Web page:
A large-scale genetic study, in combination with information from electronic health records (EHRs), identified new human leukocyte antigen (HLA) associations with several immune conditions, including rheumatoid arthritis and multiple sclerosis.
The findings were reported in the study “Phenome-wide scanning identifies multiple diseases and disease severity phenotypes associated with HLA variants,” and published in the journal Science Translational Medicine, and enabled the creation of the first comprehensive catalog of diseases associated with HLA variations.
This report supports not only the power of EHRs to advance the understanding, treatment and, ultimately, prevention of medical conditions, but the fact that they also may help identify individuals who are at risk of developing specific illnesses.
HLAs are proteins that all cells express to enable the immune system to correctly distinguish host tissues from those of an external source, such as invading microorganisms. Small genetic mutations have been linked to adverse drug reactions and rejection of transplanted organs. However, these variations also have been associated with causing the immune system to misidentify cells and tissues from the body as being from an external source, leading to the development of autoimmune diseases, such as Type 1 diabetes and rheumatoid arthritis.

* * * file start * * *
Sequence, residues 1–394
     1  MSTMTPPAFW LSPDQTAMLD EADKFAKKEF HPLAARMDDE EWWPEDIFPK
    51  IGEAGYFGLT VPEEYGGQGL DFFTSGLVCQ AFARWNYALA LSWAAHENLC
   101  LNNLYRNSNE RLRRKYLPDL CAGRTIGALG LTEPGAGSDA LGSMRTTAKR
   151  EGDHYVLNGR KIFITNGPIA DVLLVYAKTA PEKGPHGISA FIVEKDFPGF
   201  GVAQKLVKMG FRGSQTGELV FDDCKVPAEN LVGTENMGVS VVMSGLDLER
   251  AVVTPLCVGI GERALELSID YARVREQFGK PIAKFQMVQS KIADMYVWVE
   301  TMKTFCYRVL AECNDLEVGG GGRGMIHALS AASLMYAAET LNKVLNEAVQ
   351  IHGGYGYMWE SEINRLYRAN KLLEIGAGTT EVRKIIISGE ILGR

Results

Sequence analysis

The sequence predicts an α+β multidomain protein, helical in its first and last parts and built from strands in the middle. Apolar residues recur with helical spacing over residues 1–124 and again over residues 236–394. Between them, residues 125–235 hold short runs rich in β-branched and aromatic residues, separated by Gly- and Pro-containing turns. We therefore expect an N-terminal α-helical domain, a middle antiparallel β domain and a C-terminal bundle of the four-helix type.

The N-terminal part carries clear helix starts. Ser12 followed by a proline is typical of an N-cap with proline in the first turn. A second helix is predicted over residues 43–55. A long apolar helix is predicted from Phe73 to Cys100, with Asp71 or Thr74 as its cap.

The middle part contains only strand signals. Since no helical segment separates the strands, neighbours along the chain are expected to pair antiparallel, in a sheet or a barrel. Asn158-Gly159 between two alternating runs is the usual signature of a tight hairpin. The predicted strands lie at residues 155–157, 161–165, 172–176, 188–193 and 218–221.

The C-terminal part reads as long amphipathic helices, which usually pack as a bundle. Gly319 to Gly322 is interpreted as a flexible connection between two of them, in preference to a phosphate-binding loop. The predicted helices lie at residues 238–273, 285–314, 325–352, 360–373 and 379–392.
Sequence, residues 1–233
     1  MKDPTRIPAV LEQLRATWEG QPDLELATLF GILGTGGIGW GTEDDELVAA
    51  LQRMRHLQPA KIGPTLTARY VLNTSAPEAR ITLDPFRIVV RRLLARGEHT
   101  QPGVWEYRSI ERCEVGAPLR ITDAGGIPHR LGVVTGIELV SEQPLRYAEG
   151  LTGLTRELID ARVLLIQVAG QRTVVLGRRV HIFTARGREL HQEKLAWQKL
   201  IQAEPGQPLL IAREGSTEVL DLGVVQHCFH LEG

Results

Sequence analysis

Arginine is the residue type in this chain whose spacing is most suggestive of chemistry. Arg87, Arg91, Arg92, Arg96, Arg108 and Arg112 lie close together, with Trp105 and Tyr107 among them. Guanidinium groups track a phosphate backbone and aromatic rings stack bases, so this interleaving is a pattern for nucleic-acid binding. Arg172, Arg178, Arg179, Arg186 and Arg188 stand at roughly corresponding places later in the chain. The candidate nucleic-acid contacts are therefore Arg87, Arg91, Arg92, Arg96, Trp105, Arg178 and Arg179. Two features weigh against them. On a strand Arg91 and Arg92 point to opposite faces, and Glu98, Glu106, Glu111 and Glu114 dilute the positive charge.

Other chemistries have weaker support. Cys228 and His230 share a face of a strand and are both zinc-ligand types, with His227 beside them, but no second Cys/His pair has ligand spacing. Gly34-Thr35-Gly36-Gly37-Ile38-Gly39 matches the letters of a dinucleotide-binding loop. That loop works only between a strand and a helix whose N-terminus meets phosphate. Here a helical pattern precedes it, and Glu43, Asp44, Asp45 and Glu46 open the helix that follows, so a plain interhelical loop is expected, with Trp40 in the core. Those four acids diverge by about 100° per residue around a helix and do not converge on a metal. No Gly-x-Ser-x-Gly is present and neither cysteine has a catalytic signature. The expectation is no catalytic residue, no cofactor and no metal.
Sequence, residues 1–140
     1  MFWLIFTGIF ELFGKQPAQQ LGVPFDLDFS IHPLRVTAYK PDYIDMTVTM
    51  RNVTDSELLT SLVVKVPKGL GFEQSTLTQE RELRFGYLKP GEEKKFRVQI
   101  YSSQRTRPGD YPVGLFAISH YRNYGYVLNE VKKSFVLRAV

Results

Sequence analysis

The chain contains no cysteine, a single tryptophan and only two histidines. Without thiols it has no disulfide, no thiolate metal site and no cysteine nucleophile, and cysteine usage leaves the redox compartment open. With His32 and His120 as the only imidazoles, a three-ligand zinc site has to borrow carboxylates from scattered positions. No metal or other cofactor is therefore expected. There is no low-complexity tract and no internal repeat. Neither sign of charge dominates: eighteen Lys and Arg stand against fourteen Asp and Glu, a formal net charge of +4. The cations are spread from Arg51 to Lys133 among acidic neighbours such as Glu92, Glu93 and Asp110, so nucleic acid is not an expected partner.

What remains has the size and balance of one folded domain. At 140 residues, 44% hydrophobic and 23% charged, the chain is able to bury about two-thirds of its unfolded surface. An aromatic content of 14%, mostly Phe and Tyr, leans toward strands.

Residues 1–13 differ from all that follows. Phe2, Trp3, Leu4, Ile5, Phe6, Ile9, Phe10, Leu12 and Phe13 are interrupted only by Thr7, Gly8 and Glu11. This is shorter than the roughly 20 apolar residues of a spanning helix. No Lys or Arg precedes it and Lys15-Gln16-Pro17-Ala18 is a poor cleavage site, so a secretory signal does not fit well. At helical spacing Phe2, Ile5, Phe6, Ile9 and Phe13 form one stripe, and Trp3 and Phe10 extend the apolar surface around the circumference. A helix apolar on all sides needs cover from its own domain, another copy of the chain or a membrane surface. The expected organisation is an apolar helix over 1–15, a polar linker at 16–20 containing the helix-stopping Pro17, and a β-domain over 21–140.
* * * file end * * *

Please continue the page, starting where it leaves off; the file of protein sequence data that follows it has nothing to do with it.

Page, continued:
Previous studies have identified associations between HLA variations and specific symptoms or characteristics of a medical condition.
In this study, the authors evaluated the association of HLA variations with multiple medical conditions simultaneously. This provided a more integrative and broader view of the potential associations.
Taking advantage of DNA databases maintained at Vanderbilt University Medical Center (VUMC) and the Marshfield Clinic Personalized Medicine Research Project in Marshfield, Wisconsin, researchers estimated which HLAs variants would be expressed in nearly 37,300 individuals and linked them to about 1,400 medical conditions collected from EHRs.
This new approach confirmed previously described HLA associations with Type 1 diabetes. It also uncovered evidence for several new potential associations with autoimmune diseases such as rheumatoid arthritis.
“Just imagine what we’ll be able to do with a million people,” Jason Karnes, the study’s co-first author, said in a press release. “That will produce truly comprehensive catalogs of all these kinds of associations across HLA and everything else. The detail with which we’ll be able to resolve these questions will be staggering,” he said.
The results of this study can be accessed freely as a web catalog at www.phewascatalog.org, and can be used for further HLA-related research studies.
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